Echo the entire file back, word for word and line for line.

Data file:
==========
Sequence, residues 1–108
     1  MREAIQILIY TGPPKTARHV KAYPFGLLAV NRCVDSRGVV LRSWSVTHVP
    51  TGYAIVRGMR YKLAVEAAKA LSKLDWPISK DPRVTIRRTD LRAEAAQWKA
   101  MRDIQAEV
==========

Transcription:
Sequence, residues 1–108
     1  MREAIQILIY TGPPKTARHV KAYPFGLLAV NRCVDSRGVV LRSWSVTHVP
    51  TGYAIVRGMR YKLAVEAAKA LSKLDWPISK DPRVTIRRTD LRAEAAQWKA
   101  MRDIQAEV